For years, some in law enforcement have considered giving Miranda warnings, even when the suspect is NOT in custody, to be some sort of inoculation against a motion to suppress. But the literal language of those warnings contradicts the reality of the law. And now SCOTUS may get to write about it:
What advice do you give law enforcement engaging in noncustodial interviews?
I advise that conducting this type of interview is an advanced technique that may take great effort to properly utilize. When it works, a valuable tool. I think we need to work on training officers when they need give the warnings mid-conversation even after starting off non-custodial.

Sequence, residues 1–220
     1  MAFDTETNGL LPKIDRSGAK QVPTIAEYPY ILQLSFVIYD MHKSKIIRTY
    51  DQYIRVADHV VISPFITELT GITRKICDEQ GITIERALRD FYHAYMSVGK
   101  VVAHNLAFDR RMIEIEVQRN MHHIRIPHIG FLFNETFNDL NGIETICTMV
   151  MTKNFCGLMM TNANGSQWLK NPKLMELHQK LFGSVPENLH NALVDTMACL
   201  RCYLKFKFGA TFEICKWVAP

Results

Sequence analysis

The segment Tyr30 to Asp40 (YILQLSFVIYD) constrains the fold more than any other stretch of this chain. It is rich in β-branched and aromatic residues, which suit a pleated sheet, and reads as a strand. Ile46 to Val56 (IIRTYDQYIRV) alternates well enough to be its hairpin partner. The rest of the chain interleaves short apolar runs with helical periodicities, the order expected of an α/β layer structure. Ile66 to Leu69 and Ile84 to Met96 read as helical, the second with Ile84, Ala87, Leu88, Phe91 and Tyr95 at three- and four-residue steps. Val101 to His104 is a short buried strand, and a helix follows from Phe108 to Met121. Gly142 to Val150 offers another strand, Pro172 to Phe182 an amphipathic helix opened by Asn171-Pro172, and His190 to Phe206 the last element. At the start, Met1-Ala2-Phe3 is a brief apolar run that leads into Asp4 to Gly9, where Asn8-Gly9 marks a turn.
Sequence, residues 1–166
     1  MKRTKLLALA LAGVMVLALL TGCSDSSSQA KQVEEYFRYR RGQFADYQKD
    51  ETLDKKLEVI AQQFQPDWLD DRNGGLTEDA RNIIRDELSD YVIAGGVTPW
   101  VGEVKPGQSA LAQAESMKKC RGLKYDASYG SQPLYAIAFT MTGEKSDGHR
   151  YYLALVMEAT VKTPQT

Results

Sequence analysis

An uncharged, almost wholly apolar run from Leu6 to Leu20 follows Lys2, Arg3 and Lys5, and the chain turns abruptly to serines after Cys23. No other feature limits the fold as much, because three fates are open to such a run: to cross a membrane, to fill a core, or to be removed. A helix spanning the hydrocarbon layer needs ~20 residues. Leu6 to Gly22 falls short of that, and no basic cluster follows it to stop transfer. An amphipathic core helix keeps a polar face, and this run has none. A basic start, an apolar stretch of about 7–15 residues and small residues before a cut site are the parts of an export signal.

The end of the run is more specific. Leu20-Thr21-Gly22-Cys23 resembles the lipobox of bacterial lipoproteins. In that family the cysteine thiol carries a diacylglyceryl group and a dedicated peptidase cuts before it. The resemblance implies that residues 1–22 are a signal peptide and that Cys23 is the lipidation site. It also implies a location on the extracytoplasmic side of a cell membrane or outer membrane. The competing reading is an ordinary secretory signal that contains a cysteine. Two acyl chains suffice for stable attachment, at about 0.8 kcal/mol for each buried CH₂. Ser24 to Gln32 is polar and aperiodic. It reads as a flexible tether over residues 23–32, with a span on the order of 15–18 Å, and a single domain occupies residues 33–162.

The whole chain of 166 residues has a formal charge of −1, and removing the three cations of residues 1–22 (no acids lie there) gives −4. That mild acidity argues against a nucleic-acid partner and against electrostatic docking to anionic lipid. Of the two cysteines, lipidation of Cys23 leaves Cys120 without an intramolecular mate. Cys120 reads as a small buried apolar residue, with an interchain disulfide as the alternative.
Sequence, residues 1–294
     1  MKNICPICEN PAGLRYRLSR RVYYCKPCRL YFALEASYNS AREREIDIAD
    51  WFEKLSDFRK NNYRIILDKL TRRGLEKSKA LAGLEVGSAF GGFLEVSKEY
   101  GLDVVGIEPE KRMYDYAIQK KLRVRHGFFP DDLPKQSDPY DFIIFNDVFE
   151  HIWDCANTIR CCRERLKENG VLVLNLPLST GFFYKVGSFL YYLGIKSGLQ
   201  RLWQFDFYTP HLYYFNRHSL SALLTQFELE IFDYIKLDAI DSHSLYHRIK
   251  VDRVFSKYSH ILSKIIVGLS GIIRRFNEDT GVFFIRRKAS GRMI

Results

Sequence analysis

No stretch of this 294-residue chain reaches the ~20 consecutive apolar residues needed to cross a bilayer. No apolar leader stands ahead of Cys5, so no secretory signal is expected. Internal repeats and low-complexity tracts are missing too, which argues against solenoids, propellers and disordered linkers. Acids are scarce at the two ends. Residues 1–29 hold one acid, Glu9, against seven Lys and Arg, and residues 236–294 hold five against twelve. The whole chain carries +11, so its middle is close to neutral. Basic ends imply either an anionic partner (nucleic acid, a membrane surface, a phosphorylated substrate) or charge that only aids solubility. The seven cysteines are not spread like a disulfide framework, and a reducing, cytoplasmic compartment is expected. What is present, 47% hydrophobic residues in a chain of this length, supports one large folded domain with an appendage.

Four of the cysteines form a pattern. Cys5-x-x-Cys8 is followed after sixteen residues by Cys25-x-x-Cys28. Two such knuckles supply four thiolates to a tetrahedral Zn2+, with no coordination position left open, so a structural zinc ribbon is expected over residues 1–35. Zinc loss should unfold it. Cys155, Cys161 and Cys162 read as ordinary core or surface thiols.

Custodial interrogation, with its complex web of Miranda-based case and statutory law, is far more advanced than a simple noncustodial interview. So long as an officer has a clear understanding that he is NOT restraining the suspect in any manner and that the suspect is free to leave at any time, the rest is easy.
Just ask questions and record the answers. No special questions before beginning. No waivers to establish. No predicate.
Noncustodial interrogation becomes complicated only when officer try to blend the Miranda rules with circumstances that don't trigger Miranda. And, from an appellate point of view, I understand why that can get complicated when defending an interview that goes into the grey area of detention short of custody.
We need to talk.
As long as it's noncustodial.
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